Robert Mullins, Technology Journalist, 5/14/2013 Comment now
A newly-released survey shows that the US government is gradually gearing up to develop systems to analyze big data stores to make government more efficient, but that state and local governments in the US are way behind.
Not even a conversation
Forty-four percent of state and local governments aren't even discussing a big data analytics project, ...
Mithun Sridharan, Business Development Manager, Corporate Quality Consulting, 5/10/2013 Comment now
Over the course of this decade, we could expect big data applications to enable truly personalized healthcare solutions, based on an individual's and his or her family's medical history, characteristics, and progression over time.
John Edwards, Technology Journalist & Author, 5/7/2013 Comment now
The largest biotech companies are amassing multiple petabytes of data containing an array of useful drug development resources, such as patient outcomes, gene expression profiles, DNA sequencing data, and biomarker reliability. Putting all of this big data to productive use in the quest to find new treatments and streamline research and development is ...
Sam Zindel, Data Strategist at iCrossing Digital Marketing, filled us in on how supermarket delivery giant Ocado uses big data to identify and serve specific content to vegetarians once they spot them on their website.
This was part of Sam's talk at The Big Data Show about putting the customer at the heart of digital marketing, as well as making the most of the data you already have.
On the opening day of the Big Data Show, Mike Cornwell, CEO of The IDM, was generous enough to give us some time to discuss his afternoon panel session. He also offered a word of caution on the state of marketing data. We're all getting excited about big data, but it seems most people still can't deal with their small data in the best possible manner.
"Just knowing enough to find some insight from information and using it intelligently for marketing still seems to be beyond a lot of organizations," he said.
Does this resonate with your business? Have you got the small data figured out before you invest time in de-siloing and bringing more information together?
Big data is awash with acronyms at the moment, none more widely used than HDFS. Let's cut to the chase... it stands for Hadoop Distributed File System.
This is the system of distributing files that allows Hadoop to work on huge data sets at speed. It spreads blocks of data across different servers, as well as duplicating those blocks of data, and storing them distinctly.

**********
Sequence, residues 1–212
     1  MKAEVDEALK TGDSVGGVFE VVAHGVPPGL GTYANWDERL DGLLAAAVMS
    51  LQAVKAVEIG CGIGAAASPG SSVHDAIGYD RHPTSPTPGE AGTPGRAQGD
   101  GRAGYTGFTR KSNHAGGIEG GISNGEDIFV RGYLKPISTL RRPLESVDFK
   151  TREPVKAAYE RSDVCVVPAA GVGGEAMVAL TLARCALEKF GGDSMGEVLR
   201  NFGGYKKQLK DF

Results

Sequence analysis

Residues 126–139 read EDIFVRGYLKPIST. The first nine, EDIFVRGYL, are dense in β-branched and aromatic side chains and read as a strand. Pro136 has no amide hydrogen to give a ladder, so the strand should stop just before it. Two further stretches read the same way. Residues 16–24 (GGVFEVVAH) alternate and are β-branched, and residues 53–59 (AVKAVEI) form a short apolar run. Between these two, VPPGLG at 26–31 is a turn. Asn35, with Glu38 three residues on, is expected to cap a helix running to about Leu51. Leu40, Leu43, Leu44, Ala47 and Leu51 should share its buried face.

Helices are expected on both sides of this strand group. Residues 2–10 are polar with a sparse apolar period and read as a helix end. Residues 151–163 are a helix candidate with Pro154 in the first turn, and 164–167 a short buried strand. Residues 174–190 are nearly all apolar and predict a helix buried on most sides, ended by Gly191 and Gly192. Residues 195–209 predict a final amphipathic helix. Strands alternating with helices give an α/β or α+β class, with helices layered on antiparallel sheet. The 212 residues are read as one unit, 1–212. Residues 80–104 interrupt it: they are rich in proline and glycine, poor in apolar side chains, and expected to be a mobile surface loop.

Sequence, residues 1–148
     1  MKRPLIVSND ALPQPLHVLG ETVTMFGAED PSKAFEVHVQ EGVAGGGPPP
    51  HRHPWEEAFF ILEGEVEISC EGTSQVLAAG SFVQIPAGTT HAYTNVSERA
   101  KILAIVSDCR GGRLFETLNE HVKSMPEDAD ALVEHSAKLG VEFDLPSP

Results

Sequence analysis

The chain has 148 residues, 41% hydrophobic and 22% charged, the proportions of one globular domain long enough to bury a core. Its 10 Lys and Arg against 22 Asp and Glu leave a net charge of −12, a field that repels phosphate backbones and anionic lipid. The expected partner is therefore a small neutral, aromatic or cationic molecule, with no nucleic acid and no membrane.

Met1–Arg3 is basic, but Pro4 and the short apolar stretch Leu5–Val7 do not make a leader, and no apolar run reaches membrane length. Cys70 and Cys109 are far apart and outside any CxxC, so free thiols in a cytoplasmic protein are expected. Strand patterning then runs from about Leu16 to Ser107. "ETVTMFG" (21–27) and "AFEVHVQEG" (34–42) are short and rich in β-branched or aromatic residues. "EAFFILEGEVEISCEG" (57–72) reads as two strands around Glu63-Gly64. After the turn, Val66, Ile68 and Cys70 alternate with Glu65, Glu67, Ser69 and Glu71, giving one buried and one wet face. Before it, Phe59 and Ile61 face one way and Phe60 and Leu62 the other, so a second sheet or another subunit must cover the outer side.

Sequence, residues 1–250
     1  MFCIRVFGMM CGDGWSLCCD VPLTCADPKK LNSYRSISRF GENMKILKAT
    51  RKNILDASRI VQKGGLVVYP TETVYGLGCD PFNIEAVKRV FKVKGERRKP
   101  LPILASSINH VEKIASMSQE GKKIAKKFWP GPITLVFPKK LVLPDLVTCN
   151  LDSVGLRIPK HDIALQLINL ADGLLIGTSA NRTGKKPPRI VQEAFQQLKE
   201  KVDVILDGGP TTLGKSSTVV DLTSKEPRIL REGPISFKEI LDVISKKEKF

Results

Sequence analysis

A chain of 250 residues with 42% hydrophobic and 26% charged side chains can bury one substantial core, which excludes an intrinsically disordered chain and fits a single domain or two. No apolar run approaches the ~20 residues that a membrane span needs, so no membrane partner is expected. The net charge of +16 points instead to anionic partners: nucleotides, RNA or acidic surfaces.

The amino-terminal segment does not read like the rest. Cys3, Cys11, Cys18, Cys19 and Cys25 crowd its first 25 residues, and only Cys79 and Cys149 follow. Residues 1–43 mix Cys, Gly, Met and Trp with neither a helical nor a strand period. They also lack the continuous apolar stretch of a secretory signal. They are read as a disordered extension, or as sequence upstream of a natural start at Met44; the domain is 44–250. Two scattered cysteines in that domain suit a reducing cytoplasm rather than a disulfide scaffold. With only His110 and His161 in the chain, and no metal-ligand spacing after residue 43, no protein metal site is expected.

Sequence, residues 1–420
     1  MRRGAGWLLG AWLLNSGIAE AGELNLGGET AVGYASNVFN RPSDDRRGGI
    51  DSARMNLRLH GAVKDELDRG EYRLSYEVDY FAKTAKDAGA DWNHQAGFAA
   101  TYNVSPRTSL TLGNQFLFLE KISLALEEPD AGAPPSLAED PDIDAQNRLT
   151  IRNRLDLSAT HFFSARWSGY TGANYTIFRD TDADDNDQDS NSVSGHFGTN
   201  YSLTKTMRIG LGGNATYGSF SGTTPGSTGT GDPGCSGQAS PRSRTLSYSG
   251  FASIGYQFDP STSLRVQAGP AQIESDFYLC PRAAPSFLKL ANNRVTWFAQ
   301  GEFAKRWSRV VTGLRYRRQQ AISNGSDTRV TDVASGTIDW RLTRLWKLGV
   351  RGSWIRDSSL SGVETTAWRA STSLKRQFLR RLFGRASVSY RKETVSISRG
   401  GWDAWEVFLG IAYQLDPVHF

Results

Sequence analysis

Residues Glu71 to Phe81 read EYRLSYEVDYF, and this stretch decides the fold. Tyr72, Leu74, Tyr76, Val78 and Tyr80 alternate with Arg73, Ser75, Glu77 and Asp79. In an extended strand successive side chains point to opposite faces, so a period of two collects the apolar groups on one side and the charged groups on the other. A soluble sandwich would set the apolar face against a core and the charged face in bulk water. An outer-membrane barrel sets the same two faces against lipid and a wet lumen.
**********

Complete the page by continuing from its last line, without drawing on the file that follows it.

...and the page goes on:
Let's see why with an example.
Sarianne works in the financial markets, and runs a lot of predictive models to make sure her investments are minimum risk.
Utilising HDFS, her queries through Hadoop can run quickly because the data blocks are stored separately -- meaning all the computation can happen in one go, rather than queuing up behind each other.
As an added benefit, if one server fails (as one is bound to, given the amount of servers and disk drives needed to run big data projects) it won't stop Sarianne's models from pulling the data they need, because HDFS duplicated those blocks -- meaning Hadoop can return Sarianne's results in double quick time.
Pig basically simplifies the processes needed to get analytics done through Hadoop on your big data sets.
Like the animal, Pig is not a fussy eater, getting its name from its ability to crunch through data, no matter what form it takes. It acts as a scripting interface to
Hadoop, meaning a lack of
MapReduce programming experience won't hold you back.
Example: Harvey works in a government office, looking to formulate new solutions for his city's parking problems. He knows how to use data, but writing his own mapper and reduce functions is a little beyond him.
Luckily, he's been set up with access to the databases through Pig, meaning he can draw on sources like parking ticket records and population density maps. Taking advantage of Pig's eat-anything attitude, he can also mine topics from a call for email suggestions his department sent to local residents, as well as sensor information about the amount of traffic on the roads. In spite of his limited programming capabilities, Pig allows Harvey to query these data sets and sketch out some draft suggestions he can use to alleviate the local parking problems.
In the first of a series of interviews with business leaders who leverage big data, we talk to James Robinson, CTO and co-founder of OpenSignal.
OpenSignal combines big data technologies and sensor data from mobile phones to give insight to both mobile consumers and telecommunications giants. Robinson is also a contributing writer on Big Data Republic.